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Why Do Hormone Results Differ from Lab To Lab?

A question we get asked a lot is why are the hormone results from Quest and Labcorp so different when they have the same units?

Here's a response from an organization called Life Extensions that we feel answers this question perfectly:

"At Life Extension, we often encounter customers who are concerned because they received a hormone result from Quest that their doctor ordered, and it doesn’t match the result from Life Extension using LabCorp.

What most people don’t realize is that there is no standardization between commercial blood labs for hormone testing. It is a common assumption that all labs are testing hormones the exact same way and that the numbers should be the same between labs. Unfortunately, this is not the case. Because different labs use different methods, the results are not directly comparable. And since the methods, the reagents, and the equipment are all different, the number you get from one lab may not be comparable to the number from another lab—even though the name of the test is the same.

This is so frustratingly common that when I read a study on hormone testing, the first thing I do is go to the “Materials and Methods” section to see which lab did the test and what methodology was used. Only then can I put the hormone levels reported in the study into the proper perspective. This lack of standardization between labs makes it very frustrating for clinicians and researchers alike.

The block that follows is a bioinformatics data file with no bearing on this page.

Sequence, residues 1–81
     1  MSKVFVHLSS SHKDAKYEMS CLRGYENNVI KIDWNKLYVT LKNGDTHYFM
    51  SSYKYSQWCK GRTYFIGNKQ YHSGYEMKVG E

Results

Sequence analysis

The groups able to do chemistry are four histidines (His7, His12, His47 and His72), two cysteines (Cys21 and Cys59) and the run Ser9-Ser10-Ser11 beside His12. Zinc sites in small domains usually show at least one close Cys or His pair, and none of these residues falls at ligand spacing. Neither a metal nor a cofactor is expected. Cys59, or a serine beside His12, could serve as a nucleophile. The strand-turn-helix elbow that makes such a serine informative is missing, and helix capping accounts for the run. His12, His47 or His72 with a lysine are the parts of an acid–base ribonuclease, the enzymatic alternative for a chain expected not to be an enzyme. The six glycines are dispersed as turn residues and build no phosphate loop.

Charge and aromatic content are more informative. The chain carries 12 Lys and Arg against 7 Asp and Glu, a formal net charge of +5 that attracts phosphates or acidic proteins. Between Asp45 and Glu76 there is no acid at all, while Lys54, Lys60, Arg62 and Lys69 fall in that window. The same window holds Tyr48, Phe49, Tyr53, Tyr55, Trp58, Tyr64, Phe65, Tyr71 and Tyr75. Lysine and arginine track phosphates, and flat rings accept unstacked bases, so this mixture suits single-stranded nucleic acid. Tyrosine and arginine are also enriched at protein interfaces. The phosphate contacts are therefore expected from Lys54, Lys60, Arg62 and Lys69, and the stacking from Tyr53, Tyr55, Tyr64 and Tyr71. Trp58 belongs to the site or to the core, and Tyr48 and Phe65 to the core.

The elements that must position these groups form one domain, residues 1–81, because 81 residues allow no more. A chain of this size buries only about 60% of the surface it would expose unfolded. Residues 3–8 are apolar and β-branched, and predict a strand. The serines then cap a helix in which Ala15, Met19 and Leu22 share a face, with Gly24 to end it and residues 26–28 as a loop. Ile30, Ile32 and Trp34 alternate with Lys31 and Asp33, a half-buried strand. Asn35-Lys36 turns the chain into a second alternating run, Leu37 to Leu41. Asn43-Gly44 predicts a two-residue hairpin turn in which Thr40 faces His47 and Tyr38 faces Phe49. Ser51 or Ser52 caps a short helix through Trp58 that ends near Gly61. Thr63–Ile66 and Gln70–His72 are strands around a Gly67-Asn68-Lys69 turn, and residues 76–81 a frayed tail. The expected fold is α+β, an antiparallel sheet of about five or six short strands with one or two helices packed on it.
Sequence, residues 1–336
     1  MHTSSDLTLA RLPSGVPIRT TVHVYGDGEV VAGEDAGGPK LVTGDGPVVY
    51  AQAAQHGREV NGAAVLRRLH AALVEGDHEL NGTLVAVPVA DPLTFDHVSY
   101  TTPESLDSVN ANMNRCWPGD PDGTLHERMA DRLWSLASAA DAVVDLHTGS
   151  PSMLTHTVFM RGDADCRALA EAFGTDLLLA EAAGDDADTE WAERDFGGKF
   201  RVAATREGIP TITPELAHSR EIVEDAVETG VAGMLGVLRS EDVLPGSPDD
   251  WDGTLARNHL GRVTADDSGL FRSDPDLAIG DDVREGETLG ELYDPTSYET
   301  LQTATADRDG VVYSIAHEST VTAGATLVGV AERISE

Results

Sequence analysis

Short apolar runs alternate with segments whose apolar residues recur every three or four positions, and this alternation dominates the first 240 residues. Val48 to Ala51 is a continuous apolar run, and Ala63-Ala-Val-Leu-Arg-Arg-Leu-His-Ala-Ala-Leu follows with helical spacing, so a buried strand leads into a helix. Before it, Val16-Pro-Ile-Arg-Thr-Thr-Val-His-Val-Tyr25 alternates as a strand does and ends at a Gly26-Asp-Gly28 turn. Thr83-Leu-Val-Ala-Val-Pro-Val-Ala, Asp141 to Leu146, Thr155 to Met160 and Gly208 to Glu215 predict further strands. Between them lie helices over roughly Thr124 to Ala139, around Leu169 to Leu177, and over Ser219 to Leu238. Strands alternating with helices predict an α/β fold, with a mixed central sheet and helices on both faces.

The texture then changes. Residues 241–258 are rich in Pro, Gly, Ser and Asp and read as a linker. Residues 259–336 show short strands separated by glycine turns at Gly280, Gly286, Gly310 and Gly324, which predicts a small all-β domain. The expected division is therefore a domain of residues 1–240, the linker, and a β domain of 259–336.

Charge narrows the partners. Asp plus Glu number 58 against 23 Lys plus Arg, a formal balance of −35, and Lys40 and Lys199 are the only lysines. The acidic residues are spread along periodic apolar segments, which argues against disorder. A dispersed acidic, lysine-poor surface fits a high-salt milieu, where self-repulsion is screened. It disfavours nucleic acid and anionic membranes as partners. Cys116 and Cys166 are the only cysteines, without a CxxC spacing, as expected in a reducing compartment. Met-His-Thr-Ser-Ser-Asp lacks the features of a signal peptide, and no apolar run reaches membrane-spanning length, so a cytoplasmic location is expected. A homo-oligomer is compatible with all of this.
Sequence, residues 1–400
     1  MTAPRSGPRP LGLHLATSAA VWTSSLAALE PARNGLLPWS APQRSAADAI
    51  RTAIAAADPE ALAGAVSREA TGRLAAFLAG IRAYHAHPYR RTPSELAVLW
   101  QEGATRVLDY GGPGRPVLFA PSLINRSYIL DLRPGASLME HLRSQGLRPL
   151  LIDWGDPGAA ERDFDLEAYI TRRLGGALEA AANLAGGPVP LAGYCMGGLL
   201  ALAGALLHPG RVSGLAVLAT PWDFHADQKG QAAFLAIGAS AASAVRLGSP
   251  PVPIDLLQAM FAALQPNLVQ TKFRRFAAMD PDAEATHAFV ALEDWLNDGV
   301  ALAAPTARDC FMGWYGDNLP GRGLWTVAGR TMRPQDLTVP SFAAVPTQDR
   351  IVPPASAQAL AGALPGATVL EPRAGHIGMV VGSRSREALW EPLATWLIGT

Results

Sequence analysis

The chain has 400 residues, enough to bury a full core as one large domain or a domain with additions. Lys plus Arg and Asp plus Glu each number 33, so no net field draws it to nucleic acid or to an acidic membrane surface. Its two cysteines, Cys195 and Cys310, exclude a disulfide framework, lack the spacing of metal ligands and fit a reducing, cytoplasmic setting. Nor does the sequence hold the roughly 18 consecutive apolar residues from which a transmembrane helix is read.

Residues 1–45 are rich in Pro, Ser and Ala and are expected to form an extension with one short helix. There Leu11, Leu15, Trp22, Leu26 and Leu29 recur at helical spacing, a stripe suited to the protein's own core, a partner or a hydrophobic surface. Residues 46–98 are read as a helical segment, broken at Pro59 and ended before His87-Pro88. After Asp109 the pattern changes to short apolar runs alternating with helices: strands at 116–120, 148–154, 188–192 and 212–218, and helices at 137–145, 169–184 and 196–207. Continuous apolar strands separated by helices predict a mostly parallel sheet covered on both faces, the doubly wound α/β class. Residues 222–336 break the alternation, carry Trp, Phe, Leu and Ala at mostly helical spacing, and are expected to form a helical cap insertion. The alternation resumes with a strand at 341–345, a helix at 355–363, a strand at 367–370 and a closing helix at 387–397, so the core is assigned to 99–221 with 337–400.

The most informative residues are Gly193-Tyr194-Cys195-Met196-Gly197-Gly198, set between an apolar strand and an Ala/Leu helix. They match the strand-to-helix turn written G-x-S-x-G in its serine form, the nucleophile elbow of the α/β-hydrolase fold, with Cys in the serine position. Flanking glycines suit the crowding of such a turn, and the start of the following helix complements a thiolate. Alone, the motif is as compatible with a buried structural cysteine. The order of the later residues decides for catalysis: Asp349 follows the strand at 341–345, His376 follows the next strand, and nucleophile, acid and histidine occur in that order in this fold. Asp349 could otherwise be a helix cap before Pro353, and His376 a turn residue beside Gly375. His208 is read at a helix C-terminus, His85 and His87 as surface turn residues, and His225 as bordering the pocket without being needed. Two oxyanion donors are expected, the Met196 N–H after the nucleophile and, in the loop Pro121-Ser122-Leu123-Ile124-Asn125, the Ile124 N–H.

To make matters worse, there are also multiple ways to test the same hormone within each lab. Testosterone is the classic example. The two primary methods used to assess testosterone in the blood are an immunoassay methodology or liquid chromatography coupled with tandem mass spectrometry. This situation leads to a lot of confusion among patients and doctors alike.

The best solution is to stick with the same lab and use the same methodology each time."

At Optimal DX, we are working on a way to be able to handle this situation within the software so the results you see on your Functional Health report match those you see on your patient's lab test results. We'll keep you posted!